Secret of the Andes by Ann Nolan Clark is a Newbery Award winner set in Peru and was read as part of my search for books about South America to read with my home education book group. Cusi is a boy living high in the Andes with llamas and an elderly mentor. There are mysteries about why he is there and why he has so little contact with the outside world. Eventually, Cusi does go on a long trek and discovers why he is set apart. It is quite mystical and describes a fair amount about Inca religion. To my mind, there were still some unanswered questions by the end. What is the main idea behind the book? Probably, to find the path set for you(? by whom) and follow it. I suspect that I won't use this book for the group but there seem to be so few books around about South America. Suggestions are welcome-the children are mainly upper KS2 age (9-11).


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Tuesday, 24 January 2017

Absence

Just a note about why I haven't been around much recently. We care for my husband's elderly mother. She spent most of December in hospital, very unwell. Rather to everyone's surprise, she pulled through this and has come home. Being home doesn't really mean she is better rather that she is poorly somewhere else and waits on the shores of Jordan.

We are grateful for the help we have from a large package of care and from various other agencies as well as friends who have volunteered to have the children, have visited and have prayed.

Please remember us and, particularly, Alun's Mum in prayer. I may not be around quite so much at present but do hope to have a little time towards the end of this week when I may be able to write.

Thank you all.

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Saturday, 21 January 2017

History, Living Books and the Imagination

Welcome to Week Four of the Virtual Curriculum Fair 2017. More information about the Virtual Curriculum Fair can be found here. This week's theme is Exploring our World: Social Studies and the Exploratory Sciences. My post is about history.
The previous week's posts are Starting the Day Well, a Poetry Feast and Maths: a Subject in Progress.

This year has been an unusual year for history. We have officially been studying Early Modern times (from the time of James I until the mid-nineteenth century) but this isn't where the real learning has happened. The real learning has been about a much earlier time and has been precipitated by children's literature. Younger Daughter loves early history and has spent much of the autumn learning about Roman times with the help of Caroline Lawrence's books: The Roman Mysteries and the two new Roman Quests. 

This has led to

  • a trip to a Roman site where we met Caroline Lawrence 
  • a day of Roman activities
  • Roman cooking 
  • dressing up as a character from the Roman Mysteries for an archaeology club Christmas party. This involved research into Roman clothing and hair styles
  • learning about Roman numerals
  • writing a book review
  • having more background to reading the book of Acts.
  • an interest in Latin and the roots of words.
  • many discussions on topics from geography to Roman morality to the Emperor cult to Christians in Roman times. We have used these books as read alouds which I think is important in terms of learning and being able to talk about the contents.
This isn't the first year that the history learning has really been sparked by living books. 

What is a living book? It is a book which inspires interest in a subject. It is usually written by one person rather than a committee. That person has an enthusiasm for their subject so pulls the reader in. The term was coined by the famous Victorian educator, Charlotte Mason.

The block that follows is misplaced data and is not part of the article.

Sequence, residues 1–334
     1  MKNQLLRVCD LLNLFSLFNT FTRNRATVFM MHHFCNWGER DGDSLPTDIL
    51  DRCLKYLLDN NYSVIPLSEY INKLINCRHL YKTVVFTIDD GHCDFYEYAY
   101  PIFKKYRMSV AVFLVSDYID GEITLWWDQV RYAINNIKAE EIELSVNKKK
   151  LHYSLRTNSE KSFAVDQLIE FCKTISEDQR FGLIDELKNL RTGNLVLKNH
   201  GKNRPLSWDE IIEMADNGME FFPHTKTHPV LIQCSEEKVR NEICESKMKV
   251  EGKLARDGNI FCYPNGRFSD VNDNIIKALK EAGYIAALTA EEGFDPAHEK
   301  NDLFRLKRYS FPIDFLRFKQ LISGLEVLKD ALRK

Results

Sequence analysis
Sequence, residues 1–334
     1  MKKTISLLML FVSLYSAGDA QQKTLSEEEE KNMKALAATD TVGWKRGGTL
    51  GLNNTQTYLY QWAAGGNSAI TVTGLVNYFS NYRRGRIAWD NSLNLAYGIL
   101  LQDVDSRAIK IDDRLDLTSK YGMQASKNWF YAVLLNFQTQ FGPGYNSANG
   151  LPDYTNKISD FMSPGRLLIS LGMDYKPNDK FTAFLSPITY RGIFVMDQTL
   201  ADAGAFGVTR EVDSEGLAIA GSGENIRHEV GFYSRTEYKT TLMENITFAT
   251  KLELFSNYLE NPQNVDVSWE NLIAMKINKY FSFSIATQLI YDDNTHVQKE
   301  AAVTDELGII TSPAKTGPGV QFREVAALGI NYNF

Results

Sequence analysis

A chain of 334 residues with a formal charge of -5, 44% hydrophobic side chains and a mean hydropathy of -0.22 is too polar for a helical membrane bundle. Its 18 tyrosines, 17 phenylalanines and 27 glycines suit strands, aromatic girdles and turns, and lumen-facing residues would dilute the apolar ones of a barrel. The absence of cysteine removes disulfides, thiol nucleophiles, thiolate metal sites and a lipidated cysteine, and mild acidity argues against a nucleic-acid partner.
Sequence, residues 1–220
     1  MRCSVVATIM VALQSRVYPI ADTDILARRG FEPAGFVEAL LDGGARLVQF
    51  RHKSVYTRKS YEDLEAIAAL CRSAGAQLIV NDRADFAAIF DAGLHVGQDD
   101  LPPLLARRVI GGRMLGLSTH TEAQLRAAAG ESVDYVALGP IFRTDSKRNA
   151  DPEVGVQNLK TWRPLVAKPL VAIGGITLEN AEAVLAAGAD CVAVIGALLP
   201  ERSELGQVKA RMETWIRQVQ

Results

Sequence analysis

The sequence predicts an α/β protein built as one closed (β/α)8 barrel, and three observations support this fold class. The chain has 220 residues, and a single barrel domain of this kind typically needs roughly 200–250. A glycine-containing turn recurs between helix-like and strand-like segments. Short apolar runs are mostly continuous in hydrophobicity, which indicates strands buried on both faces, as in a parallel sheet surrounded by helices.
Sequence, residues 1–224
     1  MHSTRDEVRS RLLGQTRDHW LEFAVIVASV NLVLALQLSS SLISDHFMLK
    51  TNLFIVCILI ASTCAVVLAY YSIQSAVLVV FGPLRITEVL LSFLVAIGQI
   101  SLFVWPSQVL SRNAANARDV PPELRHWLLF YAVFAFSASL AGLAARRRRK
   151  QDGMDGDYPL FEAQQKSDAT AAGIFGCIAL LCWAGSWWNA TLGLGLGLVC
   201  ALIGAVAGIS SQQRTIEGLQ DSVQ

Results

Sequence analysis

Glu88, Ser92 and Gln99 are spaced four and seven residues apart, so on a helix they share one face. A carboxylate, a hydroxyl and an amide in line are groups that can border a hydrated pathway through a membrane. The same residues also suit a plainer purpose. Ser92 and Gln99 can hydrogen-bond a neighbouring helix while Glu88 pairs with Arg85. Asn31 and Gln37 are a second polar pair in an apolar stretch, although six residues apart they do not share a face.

For the previous two years, we used the Veritas Self Paced history and the literature suggested with this programme. These books, and the programme, which my daughter loved, led to the first phase of interest in early history. We read 
  • Detectives in Togas
  • Hostage Lands
  • Black Ships before Troy
  • Lysis goes to the Play
  • Theras and his town
  • A Trojan horse
and more.

Last year, we used the Veritas list again and studied the Middle Ages, Renaissance and Reformation. Books again, captured the imagination and led to a successful year in history learning. 

This year, we changed curriculum. The new curriculum does have literature suggestions but so many that I was rather overwhelmed. I had a few books lined up but  these just haven't managed to capture the imagination in the way that the Roman Mysteries have. At the end of the year, I suspect that my children will have gained more knowledge and perhaps more importantly, enthusiasm for learning about the Romans that for the period 1610 to 1850. 

The moral for next year, is that I need to find a few living books that capture the imagination. Once the children are spending their free time thinking about the Victorians, World War One and World War Two, they will learn almost whatever I do. In the meantime, we will probably visit a villa or two and read more Roman stories.

Please visit my fellow homeschool bloggers who are talking about Exploring Our World this week:

Notebooking Our Way through History by Susan @ Homeschooling Hearts & Minds
Studying the Where and How by Michele@Family, Faith and Fridays
The History of Our Mysterious Struggle With History by Laura @ Four Little Penguins
Social Science, Science and Exploring our World - Our Path by Joelle @ Homeschooling for His Glory
Learning History Through Fiction by Kristen @ Sunrise to Sunset
History in Our Homeschool by Amanda H @ Hopkins Homeschool
Exploring Our World Through History And Science by Laura @ Day by Day in Our World
Bringing History to Life! by Yvie @ Gypsy Road
History, Living Books and the Imagination by Sarah @ Delivering Grace
Exploring our world comes in many different forms. by Kim @ Good Sweet Love
Bible, History and Geography by Lizzy @ Peaches At Home
Beyond the Books - Social Studies and Science by Shecki @ Greatly Blessed
Exploring the World with Living Books by Brittney @ Mom's Heart
High School History & Science without Textbooks by Christy @ Unexpected Homeschool
Exploring the World Starting with Canada by Annette @ A Net in Time
Visit The World Through Video by Lori H @ At Home: where life happens
Nature Study is Our Favorite Way to Do Science by HillaryM @ Walking Fruitfully
What A Wonderful World by Kym @ Homeschool Coffee Break
The Time we got Lost in the Woods by Dana Hanley @ Roscommon Acres